Many merges to the BIPs repository include contributions from several different people, but this merge had more contributors than any we’ve seen before: it included content and edits from 28 different people in 163 commits and its credits thank several other named contributors, the authors of previous work it builds upon, and the many “participants of the structured reviews.”

  • BOLTs #697 modifies the sphinx packet construction described in BOLT4 to fix a privacy leak that may allow a destination node to discover the length of the path back to the source node. See Newsletter #72 for details about the leak. All three implementations tracked by Optech have also updated their code to fix the leak: C-Lightning, Eclair, and the LND-Onion library.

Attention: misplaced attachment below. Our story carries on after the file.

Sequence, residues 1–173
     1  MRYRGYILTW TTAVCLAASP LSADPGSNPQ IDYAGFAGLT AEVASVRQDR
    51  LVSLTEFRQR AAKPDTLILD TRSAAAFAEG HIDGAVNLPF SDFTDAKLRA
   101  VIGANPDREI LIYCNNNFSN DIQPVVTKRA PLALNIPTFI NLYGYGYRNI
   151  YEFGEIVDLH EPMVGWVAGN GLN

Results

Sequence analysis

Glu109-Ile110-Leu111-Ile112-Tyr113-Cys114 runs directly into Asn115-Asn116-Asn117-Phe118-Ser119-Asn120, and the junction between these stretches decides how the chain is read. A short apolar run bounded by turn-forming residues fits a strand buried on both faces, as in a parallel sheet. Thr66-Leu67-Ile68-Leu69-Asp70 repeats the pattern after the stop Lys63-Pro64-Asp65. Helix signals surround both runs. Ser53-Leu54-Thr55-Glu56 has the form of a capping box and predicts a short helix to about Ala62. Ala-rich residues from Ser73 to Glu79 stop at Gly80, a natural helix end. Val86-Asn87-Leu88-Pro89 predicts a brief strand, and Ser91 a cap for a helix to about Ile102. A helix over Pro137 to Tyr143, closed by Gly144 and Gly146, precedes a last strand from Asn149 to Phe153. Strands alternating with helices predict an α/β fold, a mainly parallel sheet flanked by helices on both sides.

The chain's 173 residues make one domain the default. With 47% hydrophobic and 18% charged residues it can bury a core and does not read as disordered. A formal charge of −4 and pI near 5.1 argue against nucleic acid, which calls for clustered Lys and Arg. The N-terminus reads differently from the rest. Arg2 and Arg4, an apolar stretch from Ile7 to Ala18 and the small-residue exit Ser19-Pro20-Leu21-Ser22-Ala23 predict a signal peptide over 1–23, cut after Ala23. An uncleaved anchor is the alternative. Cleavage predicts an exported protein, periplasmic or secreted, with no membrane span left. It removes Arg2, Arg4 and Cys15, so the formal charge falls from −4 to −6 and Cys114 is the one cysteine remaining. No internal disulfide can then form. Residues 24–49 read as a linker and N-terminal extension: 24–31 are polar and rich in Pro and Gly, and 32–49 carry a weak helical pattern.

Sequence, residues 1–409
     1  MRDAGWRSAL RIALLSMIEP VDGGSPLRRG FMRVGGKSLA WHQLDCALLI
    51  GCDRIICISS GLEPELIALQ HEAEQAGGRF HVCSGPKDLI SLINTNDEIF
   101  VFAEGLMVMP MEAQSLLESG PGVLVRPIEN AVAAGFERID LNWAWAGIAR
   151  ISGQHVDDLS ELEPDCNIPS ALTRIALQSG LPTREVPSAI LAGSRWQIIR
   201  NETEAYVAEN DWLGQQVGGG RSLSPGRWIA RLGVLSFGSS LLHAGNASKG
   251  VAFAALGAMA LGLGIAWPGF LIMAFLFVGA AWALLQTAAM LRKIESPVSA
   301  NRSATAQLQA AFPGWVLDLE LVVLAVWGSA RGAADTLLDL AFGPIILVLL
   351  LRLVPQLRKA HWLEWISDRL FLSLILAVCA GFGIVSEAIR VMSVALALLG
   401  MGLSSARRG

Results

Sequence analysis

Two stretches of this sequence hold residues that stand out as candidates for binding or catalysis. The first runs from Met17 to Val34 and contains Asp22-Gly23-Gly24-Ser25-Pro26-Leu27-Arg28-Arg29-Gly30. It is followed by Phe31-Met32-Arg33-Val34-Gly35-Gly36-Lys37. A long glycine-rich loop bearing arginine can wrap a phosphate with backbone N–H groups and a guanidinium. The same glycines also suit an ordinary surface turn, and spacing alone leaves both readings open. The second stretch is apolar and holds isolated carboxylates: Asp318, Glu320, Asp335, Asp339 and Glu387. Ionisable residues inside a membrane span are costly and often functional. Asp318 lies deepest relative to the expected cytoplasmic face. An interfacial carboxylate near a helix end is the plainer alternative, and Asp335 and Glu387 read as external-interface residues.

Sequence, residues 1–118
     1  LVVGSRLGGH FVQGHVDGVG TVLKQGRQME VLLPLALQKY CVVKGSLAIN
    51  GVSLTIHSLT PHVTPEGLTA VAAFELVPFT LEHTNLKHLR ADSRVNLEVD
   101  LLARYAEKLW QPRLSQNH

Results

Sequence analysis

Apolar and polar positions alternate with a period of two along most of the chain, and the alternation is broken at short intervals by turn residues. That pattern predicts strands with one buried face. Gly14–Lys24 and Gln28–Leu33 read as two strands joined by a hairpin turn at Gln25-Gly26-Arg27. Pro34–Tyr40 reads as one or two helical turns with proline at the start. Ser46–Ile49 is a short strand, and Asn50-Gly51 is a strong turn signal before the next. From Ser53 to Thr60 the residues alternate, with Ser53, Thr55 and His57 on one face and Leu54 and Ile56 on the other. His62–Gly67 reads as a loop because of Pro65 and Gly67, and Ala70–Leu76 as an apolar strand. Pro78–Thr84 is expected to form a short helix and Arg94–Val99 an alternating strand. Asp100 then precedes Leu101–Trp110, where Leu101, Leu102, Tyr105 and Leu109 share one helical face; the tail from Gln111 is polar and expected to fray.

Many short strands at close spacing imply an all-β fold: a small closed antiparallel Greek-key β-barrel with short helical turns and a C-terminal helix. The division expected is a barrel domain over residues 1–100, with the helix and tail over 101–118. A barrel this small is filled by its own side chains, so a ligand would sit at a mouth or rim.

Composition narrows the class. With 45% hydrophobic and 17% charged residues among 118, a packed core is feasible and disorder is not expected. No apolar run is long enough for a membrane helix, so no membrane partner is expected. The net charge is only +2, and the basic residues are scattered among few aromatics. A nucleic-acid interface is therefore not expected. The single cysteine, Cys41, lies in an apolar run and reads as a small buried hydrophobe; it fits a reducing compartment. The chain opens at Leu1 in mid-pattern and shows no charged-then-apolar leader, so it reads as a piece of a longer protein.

• BOLTs #705 allocates BOLT1 message types 32768–65535 for experimental and application-specific messages. It also suggests guidelines for implementers, including requesting that anyone allocating themselves a message type from that range post the numbers they’re using to BOLTs issue #716 to prevent conflicts.